Trial Judge Tosses Jury Verdict in Talcum Powder Mass-Tort Suit for Lack of Causation

RobertWrightFeatured Expert Contributor, Mass Torts—Asbestos

Robert H. Wright, a Partner with Horvitz & Levy LLP in Los Angeles, CA

In a case that has generated national publicity, Judge Maren E. Nelson of the Los Angeles County Superior Court granted Johnson & Johnson’s motion for judgment notwithstanding the verdict after a jury awarded plaintiff $417 million, including $347 million in punitive damages, in a case alleging injury from exposure to talc.  (See Johnson & Johnson Talcum Powder Cases, Los Angeles County Superior Court, Case No. BC628228, JCCP No. 4872, Oct. 20, 2017 Order.)

The trial court’s order is significant in several respects, but in particular because it rejects plaintiff’s attempt to establish causation based on epidemiologic studies that do not show a relative risk of at least 2.0 for the specific cancer alleged by plaintiff. Continue reading “Trial Judge Tosses Jury Verdict in Talcum Powder Mass-Tort Suit for Lack of Causation”

Federal Courts, State Governments Push Back Against Corrosive Disabilities Act Suits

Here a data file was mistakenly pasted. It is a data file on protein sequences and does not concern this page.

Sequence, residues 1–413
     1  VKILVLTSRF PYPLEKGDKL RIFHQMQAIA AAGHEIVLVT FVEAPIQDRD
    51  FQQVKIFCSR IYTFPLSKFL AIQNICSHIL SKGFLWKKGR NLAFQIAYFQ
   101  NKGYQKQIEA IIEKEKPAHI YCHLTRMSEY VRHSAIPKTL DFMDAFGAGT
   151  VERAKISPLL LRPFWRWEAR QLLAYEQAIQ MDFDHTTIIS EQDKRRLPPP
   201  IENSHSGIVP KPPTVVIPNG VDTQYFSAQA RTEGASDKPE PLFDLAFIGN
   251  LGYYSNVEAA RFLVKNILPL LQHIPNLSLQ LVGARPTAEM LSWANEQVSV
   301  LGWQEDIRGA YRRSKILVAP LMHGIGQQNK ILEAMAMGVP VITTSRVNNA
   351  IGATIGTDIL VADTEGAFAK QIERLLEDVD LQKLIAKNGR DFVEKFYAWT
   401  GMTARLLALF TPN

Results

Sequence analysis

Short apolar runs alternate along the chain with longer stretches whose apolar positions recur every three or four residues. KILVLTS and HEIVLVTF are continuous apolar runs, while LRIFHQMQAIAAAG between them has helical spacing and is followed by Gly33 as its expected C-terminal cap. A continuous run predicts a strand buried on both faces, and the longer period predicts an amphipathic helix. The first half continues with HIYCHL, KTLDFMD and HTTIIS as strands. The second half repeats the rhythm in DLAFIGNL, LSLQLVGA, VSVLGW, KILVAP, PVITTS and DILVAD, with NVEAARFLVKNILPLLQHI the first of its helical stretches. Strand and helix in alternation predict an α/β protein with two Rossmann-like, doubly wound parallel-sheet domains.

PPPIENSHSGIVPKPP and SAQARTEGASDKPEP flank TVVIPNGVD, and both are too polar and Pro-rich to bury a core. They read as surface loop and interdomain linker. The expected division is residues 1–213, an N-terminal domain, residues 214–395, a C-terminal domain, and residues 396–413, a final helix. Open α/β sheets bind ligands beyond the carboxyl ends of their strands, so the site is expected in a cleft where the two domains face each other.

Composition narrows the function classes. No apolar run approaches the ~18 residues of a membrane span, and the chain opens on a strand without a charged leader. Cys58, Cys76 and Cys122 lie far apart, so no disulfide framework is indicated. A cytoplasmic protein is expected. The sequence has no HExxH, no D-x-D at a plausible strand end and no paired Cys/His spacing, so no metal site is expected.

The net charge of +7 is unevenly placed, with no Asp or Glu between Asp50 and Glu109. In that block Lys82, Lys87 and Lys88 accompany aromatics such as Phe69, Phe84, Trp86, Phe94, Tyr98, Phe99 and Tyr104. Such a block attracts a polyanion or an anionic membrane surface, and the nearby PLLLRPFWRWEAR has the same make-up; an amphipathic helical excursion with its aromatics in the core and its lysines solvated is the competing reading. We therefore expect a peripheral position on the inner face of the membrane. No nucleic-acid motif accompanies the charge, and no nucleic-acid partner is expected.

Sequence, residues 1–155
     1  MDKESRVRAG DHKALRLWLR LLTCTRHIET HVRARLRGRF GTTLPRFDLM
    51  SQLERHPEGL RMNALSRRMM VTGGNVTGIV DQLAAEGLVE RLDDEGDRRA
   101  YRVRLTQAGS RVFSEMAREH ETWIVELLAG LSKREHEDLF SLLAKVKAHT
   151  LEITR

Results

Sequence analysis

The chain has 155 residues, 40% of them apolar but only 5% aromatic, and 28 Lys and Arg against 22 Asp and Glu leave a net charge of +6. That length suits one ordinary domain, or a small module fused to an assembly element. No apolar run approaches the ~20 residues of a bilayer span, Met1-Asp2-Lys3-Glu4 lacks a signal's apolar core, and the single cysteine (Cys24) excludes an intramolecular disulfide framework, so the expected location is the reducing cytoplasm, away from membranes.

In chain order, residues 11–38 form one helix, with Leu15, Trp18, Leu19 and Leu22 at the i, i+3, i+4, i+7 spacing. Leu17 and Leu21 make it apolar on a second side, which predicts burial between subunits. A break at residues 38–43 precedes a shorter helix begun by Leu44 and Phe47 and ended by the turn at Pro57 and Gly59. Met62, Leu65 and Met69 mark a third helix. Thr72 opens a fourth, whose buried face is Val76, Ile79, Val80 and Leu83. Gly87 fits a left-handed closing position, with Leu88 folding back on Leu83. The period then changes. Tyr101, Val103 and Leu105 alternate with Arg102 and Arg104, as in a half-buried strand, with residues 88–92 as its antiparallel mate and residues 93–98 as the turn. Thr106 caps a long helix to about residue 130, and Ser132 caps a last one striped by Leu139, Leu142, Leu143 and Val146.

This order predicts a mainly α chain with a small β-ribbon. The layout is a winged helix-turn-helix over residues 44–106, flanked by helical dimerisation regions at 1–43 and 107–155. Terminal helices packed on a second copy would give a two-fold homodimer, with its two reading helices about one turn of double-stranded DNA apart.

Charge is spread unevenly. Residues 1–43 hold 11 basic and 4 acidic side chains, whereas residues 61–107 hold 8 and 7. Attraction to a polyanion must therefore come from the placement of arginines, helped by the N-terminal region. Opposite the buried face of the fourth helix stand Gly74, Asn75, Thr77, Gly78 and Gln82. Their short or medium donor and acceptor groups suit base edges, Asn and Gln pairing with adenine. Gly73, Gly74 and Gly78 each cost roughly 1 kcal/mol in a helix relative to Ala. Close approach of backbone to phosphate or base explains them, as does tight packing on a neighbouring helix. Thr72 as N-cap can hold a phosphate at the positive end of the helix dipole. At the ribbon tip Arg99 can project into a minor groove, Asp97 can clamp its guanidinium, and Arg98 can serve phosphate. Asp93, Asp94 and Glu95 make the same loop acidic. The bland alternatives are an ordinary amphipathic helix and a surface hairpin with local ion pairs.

sharkCongress passed the Americans with Disabilities Act (ADA) in 1990 to provide important protections for some of the most vulnerable Americans.  Like other federal anti-discrimination laws, the ADA included a private right of action.  And as has happened with many other laws that can be privately enforced, the ADA has seen its share of questionable lawsuits during its nearly three-decade history.

In recent years, the trickle of lawsuits has grown into a flood, with scores of actions alleging what are at best novel interpretations of the law and at worst blatantly baseless “drive-by” claims that seek a quick buck.  Thankfully, courts are increasingly skeptical of plaintiffs’ lawyers’ attempts to broaden the ADA, and elected officials in some states are pushing back against legal shakedowns of small businesses. Continue reading “Federal Courts, State Governments Push Back Against Corrosive Disabilities Act Suits”